From: Howard Hinnant (hinnant_at_[hidden])
Date: 2004-07-22 16:36:41
On Jul 22, 2004, at 2:37 PM, Eric Niebler wrote:
> The scoped_lock assignment operators make me a bit nervous. For
> instance, you don't specify what this should do:
> Mutex mut;
> scoped_lock< Mutex > l1( mut ); // lock once
> scoped_lock< Mutex > l2( mut ); // lock twice (recursive)
> l1 = move(l2); // ???
> If I had to guess, I suppose this would have the effect of simply
> unlocking l2. Or should it throw? I would prefer the former if I had
> to choose, but the specification should be clear on this point.
Excellent point. I did not consider the possibility of a recursive
mutex when I wrote the spec for this, nor when I prototyped it. You've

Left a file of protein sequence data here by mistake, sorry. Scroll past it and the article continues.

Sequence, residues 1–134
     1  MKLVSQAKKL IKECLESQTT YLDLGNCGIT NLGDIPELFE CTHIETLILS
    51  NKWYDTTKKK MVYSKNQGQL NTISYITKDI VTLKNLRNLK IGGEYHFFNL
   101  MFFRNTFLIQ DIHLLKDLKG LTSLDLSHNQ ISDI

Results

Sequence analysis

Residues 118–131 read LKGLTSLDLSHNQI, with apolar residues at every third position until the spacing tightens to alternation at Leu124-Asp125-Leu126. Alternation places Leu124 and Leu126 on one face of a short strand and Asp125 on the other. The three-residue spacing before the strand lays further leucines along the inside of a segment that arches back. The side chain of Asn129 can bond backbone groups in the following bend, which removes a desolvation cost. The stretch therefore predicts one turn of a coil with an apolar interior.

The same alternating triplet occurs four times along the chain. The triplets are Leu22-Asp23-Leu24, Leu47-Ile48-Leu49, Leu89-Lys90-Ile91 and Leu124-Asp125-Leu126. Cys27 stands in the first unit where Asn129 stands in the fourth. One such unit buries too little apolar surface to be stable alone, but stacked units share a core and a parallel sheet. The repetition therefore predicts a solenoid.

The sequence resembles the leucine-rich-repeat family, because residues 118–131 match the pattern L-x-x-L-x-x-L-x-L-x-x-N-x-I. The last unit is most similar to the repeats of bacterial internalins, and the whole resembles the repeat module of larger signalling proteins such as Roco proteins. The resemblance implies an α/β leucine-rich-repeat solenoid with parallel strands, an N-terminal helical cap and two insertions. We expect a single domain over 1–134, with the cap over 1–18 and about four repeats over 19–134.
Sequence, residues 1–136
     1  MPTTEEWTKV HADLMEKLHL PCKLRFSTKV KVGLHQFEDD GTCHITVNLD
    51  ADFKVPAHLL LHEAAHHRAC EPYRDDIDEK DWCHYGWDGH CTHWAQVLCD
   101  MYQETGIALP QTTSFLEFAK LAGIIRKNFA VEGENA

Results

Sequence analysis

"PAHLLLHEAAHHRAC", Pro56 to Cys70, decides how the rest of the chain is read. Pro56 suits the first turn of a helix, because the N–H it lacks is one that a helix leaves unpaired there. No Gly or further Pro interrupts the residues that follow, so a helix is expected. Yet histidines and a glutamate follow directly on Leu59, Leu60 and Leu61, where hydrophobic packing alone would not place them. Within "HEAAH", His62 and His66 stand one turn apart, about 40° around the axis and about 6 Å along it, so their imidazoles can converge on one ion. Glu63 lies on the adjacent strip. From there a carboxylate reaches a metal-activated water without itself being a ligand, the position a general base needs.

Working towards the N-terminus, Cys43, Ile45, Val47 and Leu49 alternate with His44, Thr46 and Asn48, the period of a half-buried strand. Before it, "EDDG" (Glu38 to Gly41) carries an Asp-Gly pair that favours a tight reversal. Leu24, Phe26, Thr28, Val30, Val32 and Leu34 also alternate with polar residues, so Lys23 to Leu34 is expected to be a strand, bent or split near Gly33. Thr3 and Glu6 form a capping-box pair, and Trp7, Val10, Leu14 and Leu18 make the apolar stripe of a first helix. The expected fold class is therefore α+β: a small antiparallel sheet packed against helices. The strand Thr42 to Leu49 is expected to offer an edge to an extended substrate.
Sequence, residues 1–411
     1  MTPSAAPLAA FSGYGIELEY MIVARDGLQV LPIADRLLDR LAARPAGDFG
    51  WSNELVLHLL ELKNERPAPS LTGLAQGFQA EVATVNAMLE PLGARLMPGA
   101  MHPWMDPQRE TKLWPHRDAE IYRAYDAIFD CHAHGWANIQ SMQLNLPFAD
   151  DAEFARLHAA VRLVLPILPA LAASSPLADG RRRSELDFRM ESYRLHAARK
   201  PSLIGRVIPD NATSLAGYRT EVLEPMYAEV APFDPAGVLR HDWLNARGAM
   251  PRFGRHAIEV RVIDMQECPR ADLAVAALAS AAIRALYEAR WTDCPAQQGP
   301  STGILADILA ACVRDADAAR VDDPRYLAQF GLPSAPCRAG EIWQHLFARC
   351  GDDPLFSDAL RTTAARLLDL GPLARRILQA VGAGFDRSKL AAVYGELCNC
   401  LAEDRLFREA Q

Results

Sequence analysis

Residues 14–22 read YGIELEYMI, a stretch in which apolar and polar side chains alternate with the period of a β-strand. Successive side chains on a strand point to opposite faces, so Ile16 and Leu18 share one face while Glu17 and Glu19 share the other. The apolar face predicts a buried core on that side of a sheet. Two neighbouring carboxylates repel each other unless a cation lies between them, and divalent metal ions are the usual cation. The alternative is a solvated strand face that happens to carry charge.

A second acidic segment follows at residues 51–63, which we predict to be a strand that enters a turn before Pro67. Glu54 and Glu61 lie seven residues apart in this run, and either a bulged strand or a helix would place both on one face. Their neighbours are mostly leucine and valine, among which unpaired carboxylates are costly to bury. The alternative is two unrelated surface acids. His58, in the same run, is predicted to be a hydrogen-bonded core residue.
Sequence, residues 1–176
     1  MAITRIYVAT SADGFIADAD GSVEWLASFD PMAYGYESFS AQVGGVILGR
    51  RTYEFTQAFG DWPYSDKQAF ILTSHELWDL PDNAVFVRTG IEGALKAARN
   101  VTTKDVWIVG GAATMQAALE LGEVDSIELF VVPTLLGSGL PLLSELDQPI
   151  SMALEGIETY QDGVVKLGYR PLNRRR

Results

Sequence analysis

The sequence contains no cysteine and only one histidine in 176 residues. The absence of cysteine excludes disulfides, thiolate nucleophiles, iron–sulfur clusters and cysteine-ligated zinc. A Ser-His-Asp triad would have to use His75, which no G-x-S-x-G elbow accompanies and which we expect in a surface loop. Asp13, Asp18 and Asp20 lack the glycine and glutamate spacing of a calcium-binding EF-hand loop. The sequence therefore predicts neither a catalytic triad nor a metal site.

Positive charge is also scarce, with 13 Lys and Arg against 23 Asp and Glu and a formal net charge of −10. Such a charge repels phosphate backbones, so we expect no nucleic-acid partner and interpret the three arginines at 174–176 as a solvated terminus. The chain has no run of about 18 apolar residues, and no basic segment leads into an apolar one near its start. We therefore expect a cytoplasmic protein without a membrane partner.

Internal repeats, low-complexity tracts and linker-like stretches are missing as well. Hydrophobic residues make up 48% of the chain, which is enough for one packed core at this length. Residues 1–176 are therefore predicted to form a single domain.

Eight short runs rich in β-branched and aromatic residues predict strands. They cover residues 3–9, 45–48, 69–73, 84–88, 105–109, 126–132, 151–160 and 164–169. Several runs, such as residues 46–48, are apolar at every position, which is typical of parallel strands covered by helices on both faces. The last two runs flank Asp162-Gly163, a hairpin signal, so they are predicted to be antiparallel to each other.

found a bug in both the spec and my prototype.
The (proposed) move assignment philosophy is:
l1 = move(l2);
behaves as if:
So in your example l2 would be unlocked, l1 would remain locked, and
the underlying mutex lock count would be decremented by 1.
Effects: Throws a lock_error() if mutex() != sl.p_->mutex(). If
locked() before the call, then unlock() is called on the mutex.
Postconditions: locked() == the value of sl.p_->locked() before the
assignment. sl.p_->locked() == false after the assignment.
Notes: This scoped_lock relinquishes any mutex ownership it has. Then
if the sl scoped_lock owns the mutex, ownerhisp is transferred to this
scoped_lock with no blocking. If the sl scoped_lock does not own the
mutex, then neither will this scoped_lock after the assignment. Only
rvalue scoped_lock's will match this signature. lvalue scoped_lock's
can not transfer ownership unless "cast" to an rvalue. An lvalue
scoped_lock can be "cast" to an rvalue with the expression: move(lock);
Thanks for the catch.
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